The Eskenazi family joined us on Friday, October 25, 2019, to formally recognize our new school name. It was a beautiful day celebrating the arts at Indiana University, and we are so grateful to Sidney and Lois for their transformative gift.
At the naming ceremony for the Sidney and Lois Eskenazi School of Art, Architecture + Design, IU President McRobbie recognized the Eskenazis' decades of generosity.
Eskenazi School Dean Peg Faimon also delivered remarks to Sidney and Lois:
"It’s been my great good fortune since becoming dean in 2016 to preside over the quick evolution of our school, including three different names. With each change, our school’s name grew to represent more and more.
What started out as the School of Art and Design or S-O-A-D, was quickly complemented by the addition of another A a year later when we became the School of Art, Architecture, and Design.
The joke around the office was whether we’d eventually add or adopt more “A” disciplines to our name and keep growing SoAAAD.
Well, the news that we’ve added an “E” word to our name couldn’t be more exciting and we are immensely proud to have the Eskenazis’ name grace our school’s, now becoming the Sidney and Lois Eskenazi School of Art, Architecture, and Design.
As you’ve heard, Sidney and Lois have made their name synonymous with philanthropy, with enlightenment, and with bringing the benefits of medicine, science, and the arts to everyone in our state and beyond.
So, we feel deeply honored that they’ve agreed to lend their name to our school.
An exciting aspect of adding the Eskenazi name to ours is in the power connection with our fabulous neighbor—the Sidney and Lois Eskenazi Museum of Art – whose building dedication, as President McRobbie mentioned, was just celebrated this morning. What a fabulous day for the Arts at IU and for the Eskenazi family!
In this bicentennial year, as we celebrate IU’s storied past, it is historically right and fitting that we should be re-united by name with the art museum, whose collection’s origins lie with IU’s original art department and art’s leaders.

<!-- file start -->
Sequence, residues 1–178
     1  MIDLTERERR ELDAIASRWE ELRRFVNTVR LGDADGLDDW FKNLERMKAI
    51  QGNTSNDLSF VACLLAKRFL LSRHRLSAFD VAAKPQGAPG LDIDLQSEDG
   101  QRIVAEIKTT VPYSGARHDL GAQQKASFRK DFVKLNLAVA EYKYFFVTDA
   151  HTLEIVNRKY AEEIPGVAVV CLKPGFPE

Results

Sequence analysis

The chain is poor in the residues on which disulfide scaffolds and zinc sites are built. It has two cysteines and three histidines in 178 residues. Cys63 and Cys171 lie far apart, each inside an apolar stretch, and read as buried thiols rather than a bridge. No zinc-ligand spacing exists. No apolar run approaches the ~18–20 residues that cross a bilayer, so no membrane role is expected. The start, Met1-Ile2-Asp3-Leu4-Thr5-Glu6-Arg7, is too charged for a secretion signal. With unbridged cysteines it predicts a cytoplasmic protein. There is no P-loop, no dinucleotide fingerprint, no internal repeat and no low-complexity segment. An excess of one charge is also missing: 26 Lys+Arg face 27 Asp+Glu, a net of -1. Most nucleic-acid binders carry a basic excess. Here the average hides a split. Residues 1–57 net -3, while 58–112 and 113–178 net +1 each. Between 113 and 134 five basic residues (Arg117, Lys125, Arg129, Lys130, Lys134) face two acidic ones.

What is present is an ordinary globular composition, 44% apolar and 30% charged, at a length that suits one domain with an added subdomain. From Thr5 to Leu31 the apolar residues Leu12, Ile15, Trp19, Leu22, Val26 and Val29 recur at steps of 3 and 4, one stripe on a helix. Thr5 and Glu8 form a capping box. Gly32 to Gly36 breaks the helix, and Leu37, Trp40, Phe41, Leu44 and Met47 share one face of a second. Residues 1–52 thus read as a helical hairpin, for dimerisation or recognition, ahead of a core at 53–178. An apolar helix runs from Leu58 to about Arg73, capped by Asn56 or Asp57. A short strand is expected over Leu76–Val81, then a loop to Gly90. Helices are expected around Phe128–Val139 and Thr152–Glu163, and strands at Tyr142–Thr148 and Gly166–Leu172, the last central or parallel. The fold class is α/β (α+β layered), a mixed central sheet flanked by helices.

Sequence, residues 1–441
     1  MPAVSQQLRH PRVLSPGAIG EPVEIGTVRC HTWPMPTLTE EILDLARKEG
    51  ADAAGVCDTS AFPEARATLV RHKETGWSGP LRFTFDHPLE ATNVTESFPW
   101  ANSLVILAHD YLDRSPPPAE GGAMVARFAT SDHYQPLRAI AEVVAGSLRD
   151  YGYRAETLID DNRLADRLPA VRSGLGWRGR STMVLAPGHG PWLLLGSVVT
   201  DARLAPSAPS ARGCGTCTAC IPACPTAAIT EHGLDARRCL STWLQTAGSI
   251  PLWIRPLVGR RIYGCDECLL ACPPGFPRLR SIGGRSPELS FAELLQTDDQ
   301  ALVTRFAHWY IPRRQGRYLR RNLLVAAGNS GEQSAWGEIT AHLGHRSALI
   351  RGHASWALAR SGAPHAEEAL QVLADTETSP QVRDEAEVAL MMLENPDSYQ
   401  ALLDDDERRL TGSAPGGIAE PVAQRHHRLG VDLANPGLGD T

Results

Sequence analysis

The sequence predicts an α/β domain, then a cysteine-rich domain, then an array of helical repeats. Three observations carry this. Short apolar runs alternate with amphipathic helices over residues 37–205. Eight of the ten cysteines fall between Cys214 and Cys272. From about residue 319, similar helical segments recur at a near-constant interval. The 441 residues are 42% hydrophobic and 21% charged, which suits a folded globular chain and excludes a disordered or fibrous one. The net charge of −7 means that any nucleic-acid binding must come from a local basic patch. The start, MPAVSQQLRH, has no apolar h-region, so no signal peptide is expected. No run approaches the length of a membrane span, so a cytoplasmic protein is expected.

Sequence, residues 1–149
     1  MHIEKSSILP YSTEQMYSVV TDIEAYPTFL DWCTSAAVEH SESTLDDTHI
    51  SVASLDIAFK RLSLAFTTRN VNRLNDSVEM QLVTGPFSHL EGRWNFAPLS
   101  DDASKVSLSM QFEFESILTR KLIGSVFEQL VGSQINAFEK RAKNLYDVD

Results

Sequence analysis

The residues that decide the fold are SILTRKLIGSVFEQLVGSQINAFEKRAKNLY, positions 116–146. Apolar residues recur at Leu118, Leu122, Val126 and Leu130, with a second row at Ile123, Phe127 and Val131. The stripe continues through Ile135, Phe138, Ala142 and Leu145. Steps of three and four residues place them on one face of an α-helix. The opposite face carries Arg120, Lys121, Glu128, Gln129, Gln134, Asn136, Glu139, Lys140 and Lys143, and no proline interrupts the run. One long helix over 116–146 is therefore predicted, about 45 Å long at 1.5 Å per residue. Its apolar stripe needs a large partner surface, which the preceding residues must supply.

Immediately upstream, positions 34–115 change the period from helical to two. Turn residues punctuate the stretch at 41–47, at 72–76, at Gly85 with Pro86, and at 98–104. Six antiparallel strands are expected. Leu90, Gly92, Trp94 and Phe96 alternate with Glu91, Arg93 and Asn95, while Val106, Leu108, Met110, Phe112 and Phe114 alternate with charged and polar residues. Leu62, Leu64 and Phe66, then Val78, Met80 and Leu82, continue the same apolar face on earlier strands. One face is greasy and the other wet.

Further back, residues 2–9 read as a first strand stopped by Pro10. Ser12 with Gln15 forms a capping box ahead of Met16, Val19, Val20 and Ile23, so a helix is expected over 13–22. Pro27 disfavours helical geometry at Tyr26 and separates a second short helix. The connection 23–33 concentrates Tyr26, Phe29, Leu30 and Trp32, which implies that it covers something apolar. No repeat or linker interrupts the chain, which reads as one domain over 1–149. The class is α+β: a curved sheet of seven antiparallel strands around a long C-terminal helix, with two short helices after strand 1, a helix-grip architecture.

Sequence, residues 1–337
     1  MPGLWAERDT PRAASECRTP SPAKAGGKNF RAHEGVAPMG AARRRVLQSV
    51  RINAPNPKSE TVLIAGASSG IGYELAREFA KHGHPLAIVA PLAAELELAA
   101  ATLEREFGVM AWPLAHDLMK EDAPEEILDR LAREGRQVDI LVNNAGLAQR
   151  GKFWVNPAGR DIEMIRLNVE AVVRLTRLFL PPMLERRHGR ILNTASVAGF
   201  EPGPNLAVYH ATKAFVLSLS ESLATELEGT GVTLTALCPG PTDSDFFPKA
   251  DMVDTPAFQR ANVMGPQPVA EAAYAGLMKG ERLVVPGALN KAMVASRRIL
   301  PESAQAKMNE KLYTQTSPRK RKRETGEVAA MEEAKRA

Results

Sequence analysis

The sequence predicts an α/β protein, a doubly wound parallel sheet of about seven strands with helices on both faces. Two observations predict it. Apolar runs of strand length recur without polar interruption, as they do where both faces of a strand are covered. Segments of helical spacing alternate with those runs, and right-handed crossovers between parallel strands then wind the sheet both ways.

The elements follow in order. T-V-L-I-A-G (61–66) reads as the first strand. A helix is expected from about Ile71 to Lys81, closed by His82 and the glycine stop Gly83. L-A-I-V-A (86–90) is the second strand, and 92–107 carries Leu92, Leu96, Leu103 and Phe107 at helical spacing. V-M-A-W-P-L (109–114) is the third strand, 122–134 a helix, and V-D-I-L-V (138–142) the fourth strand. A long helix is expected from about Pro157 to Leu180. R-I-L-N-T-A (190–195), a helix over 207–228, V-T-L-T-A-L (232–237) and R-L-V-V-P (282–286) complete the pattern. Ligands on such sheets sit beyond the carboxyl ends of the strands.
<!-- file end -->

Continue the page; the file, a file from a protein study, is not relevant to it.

Under the Eskenazi name, we also find an exciting opportunity to deepen our friendship and ties with the Herron School of Art and Design at IUPUI in Indianapolis. Herron has also been fortunate to benefit from the family’s generosity in the form of Eskenazi Hall and the Eskenazi Fine Arts Center.
Of course, as you’ve heard, Sidney and Lois’s gift involves many wonderful aspects. Because of their gift, we’re going to be able to fund new student scholarships, support faculty development programs, and enhance teaching and research initiatives so that even more people can practice, understand, and benefit from art, design, architecture, and merchandising.
As President McRobbie mentioned, an especially exciting part of their gift is that we will be able to create a stunning new building inspired by Mies van der Rohe, a giant of 20th century architecture.
Mies originally designed the building in 1952 and we’re modifying the original plans, while preserving its luminous beauty. The building will hold classrooms, offices, conference, and collaboration rooms.
In short, Sidney and Lois’s gift will illuminate and inspire our school for generations to come. Their generosity and commitment to the arts will allow us to dream and reach a wonderous future for the Eskenazi School. Again, thank you.
So, I’d like to close by quoting the new vision statement of our school crafted by our faculty, staff, advisors, and students. We began thinking about how to express our aspirations for the future before we knew about the Eskenazis’ intentions. I think you’ll agree that there is an almost magical connection between their vision and ours.
The Eskenazi School shapes the future of creativity through transformational and interdisciplinary teaching, research, and engagement, built upon an inclusive and liberal arts approach to art, architecture, design, and merchandising.”
Thank you, Sidney and Lois, and to your whole family. We’re so grateful that you will be by our side to help us realize this vision."